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OSU Prepares for Students, Swine Flu

On Monday Ohio State University officials outlined steps they're taking to prepare for the recurrence of influenza on campus this fall. That includes Swine Flu, also known as the H1N1 strain.

Several students already back on campus Monday did not seem to be too worried about the reemergence of Swine Flu. Eric Fink is a dental student.

"Not a whole lot different than seasonal flu, just take your standard precautions," Fink said. "Regardless if there's an outbreak or not I figure they're not going to cancel class for us so if it happens, it happens."

Christina Angelilli had a similar view.

"I'm really not that concerned," Angelilli said. "I think that as long as I don't drink out of other people's cups; to make sure I cover my mouth if I have to sneeze, I think I'll be okay."

Along with the usual items students bring along to campus they're now being advised to bring along some extra items, too.

"That would be thermometers, tissues, hand sanitizer, all the things that they would need to help minimize the spread of germs."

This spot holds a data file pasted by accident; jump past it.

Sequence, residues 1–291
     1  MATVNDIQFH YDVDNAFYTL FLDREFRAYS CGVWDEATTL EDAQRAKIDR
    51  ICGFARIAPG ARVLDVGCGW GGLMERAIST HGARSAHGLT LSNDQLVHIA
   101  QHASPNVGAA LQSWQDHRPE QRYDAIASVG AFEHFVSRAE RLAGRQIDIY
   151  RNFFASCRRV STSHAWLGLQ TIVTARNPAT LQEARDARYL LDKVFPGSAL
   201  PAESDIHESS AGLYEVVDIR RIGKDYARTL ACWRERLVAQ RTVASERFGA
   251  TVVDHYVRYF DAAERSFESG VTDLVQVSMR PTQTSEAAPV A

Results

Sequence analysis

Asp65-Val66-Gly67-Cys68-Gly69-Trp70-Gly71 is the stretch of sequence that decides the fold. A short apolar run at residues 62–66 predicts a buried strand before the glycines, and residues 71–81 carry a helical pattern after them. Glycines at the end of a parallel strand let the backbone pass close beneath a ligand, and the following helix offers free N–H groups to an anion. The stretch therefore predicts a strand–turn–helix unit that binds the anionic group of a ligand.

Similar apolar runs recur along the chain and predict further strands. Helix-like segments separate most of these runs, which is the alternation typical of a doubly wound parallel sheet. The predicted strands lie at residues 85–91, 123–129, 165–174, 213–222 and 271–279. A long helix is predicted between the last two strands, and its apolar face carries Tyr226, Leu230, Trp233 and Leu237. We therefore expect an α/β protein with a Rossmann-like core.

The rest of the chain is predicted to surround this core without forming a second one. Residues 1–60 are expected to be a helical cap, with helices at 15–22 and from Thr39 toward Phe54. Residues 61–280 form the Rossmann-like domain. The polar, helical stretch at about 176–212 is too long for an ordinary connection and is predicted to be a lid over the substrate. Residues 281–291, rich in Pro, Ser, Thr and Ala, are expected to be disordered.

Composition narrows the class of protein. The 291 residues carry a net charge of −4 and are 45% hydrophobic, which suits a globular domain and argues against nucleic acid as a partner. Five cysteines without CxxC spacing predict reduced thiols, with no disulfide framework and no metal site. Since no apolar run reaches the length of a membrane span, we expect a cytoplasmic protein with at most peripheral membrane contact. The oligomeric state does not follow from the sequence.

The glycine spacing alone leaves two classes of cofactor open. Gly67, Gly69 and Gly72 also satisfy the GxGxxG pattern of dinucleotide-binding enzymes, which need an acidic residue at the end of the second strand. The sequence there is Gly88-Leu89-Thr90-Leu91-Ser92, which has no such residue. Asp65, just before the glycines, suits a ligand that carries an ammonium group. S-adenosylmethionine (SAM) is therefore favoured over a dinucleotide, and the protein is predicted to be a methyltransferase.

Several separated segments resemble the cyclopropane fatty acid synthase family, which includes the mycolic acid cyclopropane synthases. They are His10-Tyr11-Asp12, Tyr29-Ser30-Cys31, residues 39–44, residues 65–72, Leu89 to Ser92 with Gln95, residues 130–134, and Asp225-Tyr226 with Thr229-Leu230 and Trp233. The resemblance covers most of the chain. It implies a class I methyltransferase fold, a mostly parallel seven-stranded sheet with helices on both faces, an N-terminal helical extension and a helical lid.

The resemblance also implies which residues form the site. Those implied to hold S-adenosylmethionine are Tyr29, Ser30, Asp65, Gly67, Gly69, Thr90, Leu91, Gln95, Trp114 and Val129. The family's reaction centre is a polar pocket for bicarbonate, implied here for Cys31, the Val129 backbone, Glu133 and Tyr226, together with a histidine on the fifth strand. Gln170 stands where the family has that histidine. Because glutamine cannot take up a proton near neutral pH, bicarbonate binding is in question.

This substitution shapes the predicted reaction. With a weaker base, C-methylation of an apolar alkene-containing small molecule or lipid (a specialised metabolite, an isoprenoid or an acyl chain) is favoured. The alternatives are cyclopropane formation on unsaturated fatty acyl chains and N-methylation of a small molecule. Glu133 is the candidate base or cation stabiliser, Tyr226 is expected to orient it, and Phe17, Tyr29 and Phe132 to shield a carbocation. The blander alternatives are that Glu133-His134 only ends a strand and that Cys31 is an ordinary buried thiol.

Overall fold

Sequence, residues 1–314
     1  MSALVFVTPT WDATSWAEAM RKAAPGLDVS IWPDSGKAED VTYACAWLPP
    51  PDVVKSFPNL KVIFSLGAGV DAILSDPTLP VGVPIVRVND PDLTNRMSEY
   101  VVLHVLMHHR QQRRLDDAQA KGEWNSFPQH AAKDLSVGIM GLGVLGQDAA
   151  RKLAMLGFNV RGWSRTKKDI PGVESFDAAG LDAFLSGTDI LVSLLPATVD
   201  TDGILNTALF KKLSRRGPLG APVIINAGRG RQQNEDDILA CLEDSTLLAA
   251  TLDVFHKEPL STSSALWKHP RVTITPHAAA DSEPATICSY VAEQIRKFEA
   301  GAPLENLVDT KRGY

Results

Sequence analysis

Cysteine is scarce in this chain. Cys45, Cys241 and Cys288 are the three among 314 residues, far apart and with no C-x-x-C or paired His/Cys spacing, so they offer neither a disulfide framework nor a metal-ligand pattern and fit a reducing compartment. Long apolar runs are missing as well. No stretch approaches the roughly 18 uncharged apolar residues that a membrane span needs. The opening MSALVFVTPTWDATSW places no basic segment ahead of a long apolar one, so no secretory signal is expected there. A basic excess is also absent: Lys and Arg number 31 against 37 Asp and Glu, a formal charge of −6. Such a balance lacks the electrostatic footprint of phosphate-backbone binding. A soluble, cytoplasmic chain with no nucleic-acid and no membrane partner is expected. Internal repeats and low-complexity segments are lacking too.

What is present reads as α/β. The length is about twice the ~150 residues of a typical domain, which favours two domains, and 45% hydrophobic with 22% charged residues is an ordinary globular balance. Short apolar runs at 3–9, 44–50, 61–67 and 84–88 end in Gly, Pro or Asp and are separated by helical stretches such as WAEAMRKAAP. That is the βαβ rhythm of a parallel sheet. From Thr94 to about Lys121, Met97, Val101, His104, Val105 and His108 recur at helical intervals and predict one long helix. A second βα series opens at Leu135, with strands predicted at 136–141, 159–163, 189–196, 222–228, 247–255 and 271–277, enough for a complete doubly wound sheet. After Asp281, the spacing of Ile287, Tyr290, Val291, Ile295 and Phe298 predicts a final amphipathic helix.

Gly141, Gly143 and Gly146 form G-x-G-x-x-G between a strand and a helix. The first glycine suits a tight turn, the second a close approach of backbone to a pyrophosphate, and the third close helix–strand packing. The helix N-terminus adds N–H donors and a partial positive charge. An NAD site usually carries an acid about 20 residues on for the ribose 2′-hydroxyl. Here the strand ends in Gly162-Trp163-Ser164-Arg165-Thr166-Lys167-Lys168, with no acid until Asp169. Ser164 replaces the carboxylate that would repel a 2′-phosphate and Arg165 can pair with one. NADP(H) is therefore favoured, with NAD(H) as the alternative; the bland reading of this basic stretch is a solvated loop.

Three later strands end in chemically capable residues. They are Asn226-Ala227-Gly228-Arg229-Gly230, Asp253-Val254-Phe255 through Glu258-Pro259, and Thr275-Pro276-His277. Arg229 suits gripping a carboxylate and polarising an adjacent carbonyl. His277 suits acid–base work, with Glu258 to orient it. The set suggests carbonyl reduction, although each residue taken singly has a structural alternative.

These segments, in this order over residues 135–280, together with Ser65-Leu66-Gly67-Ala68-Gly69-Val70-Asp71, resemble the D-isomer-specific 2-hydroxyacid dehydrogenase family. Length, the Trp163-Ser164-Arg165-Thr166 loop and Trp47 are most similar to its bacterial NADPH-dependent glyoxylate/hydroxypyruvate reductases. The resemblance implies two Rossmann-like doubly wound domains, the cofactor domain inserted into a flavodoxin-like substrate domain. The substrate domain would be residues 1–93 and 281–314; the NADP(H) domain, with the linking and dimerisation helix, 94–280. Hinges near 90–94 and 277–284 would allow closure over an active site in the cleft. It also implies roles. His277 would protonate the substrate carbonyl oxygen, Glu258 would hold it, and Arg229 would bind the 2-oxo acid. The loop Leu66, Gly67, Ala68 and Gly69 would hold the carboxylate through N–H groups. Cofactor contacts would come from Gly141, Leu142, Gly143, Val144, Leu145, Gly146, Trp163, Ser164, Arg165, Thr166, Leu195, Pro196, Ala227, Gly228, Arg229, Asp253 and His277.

That's Dr. Roger Miller, a physician of preventive medicine at OSU's student health center. That precautionary list might be cause for concern for some. But Miller says that with either Swine flu or seasonal influenza, symptoms are usually not severe.

"The majority of people with influenza are going to have moderate to mild symptoms," Miller said. "And they're going to get better on their own with self treatment."

The University says it will not be routinely testing ill students for Swine Flu. And in fact, encourages those who are sick only to seek medical attention if symptoms get worse. That includes fever above 103 degrees, breathing problems or if there are health issues that put the individual at greater risk. Again the University's Dr. Roger Miller.

"We are asking them to self isolate which means to stay in their dorm, not to attend classes and not to attend work until they are at least 24 hours without a fever and that's in the absence of any medicines to prevent fever," Miller said.

Students are also being encouraged to get vaccinations.

Seasonal vaccinations should be given, Miller says, to people with chronic health problems especially chronic respiratory disease and to students that have compromised immune systems.

Miller says that vaccination against Swine Flu is emphasized for younger people; anywhere he says from ages five to 24 years.

The vaccine for seasonal flu is already available. Swine Flu vaccine won't be available until sometime in October.